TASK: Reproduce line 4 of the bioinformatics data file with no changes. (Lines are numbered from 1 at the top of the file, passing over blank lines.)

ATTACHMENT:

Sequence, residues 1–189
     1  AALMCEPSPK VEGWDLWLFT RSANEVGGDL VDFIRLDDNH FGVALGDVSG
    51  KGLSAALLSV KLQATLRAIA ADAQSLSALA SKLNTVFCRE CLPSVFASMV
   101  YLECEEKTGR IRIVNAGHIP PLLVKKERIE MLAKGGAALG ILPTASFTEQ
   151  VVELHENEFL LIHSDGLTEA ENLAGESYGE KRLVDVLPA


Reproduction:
   101  YLECEEKTGR IRIVNAGHIP PLLVKKERIE MLAKGGAALG ILPTASFTEQ